CITES conference to strengthen wildlife trade rules for fisheries, exotic pets, elephants and more
Governments have submitted 56 new proposals to change the levels of protection that CITES provides for species of wild animals and plants that are in international trade. Many of these proposals seek to ensure that trade in at-risk species remains sustainable by requiring trade permits through a CITES Appendix II listing. Others recommend banning all commercial trade in specimens of species threatened by extinction by listing them on Appendix I. Still others aim to provide evidence that a population has stabilized or expanded and can be safely transferred from Appendix I to Appendix II.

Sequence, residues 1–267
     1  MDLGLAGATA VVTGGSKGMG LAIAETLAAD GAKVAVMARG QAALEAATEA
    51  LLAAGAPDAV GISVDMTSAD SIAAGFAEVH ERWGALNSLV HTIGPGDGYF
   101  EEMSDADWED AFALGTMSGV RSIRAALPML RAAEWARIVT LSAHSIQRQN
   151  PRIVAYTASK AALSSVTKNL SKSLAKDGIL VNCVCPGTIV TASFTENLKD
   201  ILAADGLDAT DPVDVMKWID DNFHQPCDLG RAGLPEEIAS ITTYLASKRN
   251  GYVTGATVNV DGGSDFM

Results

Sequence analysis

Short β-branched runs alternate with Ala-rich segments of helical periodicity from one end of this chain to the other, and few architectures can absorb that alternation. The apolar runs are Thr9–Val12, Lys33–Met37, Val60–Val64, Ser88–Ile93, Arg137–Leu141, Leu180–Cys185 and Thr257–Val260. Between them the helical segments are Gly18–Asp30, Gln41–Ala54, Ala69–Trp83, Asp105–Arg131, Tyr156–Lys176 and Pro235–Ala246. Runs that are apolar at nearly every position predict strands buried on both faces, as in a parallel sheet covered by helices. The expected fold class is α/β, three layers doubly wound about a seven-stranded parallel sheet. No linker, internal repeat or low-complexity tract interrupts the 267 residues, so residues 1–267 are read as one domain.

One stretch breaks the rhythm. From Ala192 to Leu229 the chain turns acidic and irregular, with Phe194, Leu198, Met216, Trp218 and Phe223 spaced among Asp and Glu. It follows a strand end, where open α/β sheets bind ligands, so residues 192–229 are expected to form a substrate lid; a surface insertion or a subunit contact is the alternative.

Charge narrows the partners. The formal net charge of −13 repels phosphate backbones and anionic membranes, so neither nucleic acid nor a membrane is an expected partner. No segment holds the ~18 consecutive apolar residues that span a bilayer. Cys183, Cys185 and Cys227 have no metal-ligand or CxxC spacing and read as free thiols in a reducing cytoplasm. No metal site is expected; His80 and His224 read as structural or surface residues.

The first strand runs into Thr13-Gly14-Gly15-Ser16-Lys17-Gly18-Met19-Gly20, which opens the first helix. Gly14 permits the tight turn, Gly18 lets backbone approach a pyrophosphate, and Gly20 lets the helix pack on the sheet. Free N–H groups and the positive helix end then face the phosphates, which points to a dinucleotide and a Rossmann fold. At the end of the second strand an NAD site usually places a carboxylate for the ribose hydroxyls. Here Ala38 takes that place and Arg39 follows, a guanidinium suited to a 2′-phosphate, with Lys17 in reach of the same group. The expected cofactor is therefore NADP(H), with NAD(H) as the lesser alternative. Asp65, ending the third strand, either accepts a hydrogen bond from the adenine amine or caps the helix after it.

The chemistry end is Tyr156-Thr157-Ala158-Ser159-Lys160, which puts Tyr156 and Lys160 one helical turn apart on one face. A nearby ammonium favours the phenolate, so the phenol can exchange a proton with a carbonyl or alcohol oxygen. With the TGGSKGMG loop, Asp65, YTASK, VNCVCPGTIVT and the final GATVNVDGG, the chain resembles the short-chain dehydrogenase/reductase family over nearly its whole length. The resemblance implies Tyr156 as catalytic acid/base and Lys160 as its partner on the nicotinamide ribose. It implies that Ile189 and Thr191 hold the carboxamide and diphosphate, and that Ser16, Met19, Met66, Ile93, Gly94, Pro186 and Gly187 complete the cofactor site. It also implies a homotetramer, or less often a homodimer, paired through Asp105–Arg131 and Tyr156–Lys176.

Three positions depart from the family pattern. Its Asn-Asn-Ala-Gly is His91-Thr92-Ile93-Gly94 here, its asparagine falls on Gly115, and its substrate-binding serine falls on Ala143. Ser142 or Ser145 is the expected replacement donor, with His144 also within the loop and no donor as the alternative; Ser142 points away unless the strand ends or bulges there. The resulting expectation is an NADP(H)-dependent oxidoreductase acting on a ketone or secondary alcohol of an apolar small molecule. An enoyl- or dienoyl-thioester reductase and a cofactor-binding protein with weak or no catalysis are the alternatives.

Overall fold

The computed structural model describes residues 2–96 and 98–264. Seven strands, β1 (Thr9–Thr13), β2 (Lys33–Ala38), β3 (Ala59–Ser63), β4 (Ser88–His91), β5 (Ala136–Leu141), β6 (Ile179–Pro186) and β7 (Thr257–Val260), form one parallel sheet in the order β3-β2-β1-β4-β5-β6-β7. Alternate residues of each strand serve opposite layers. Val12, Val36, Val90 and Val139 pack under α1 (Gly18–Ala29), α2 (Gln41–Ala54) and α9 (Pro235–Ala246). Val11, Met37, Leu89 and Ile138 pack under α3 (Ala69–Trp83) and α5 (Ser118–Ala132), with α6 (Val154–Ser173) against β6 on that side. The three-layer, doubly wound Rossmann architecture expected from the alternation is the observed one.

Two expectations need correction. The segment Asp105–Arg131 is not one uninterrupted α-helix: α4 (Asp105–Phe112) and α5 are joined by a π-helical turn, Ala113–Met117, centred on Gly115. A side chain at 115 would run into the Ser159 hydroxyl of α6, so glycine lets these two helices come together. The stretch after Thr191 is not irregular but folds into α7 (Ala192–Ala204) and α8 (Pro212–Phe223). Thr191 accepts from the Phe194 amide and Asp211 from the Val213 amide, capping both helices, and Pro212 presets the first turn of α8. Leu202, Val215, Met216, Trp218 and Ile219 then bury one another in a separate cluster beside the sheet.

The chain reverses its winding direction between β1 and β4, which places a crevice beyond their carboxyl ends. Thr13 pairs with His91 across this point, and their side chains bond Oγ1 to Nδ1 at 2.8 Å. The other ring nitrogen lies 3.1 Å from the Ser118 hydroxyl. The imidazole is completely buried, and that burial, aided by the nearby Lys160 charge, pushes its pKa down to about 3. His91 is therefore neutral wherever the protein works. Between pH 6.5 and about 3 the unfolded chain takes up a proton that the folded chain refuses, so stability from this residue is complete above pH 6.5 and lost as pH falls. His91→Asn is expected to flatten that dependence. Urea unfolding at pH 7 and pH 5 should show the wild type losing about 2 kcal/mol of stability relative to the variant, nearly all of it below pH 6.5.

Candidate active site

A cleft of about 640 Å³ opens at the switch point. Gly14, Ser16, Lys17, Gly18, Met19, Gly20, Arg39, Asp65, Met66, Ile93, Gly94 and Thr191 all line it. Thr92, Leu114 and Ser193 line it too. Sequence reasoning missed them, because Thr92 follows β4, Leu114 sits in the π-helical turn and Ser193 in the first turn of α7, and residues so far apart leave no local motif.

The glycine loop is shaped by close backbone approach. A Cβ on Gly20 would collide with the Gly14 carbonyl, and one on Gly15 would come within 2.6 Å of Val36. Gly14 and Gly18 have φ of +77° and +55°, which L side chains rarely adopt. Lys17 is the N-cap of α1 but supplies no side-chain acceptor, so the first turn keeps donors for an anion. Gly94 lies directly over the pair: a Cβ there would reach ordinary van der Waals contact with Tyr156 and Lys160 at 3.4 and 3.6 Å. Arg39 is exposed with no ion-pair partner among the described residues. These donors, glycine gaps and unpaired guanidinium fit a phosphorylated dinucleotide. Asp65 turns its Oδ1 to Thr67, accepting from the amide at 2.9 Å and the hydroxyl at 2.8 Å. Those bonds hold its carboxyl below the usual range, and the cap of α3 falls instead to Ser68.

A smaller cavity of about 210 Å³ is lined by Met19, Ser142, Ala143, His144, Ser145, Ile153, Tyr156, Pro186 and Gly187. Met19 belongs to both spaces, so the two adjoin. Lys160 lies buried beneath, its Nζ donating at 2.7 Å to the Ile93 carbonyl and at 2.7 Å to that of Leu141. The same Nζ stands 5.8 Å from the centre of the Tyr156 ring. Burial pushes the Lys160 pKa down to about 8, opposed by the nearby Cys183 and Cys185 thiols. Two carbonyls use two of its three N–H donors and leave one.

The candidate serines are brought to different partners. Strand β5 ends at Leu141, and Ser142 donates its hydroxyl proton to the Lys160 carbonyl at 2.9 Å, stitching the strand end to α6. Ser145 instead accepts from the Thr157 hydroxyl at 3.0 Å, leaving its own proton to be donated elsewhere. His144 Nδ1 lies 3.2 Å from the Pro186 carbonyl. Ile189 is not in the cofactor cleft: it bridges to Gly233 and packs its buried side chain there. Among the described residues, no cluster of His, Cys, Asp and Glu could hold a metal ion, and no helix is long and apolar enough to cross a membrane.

“CITES sets the rules for international trade in wild fauna and flora. It is a powerful tool for ensuring sustainability and responding to the rapid loss of biodiversity – often called the sixth extinction crisis – by preventing and reversing declines in wildlife populations. This year’s conference will focus on strengthening existing rules and standards while extending the benefits of the CITES regime to additional plants and animals threatened by human activity,” said CITES Secretary-General Ivonne Higuero.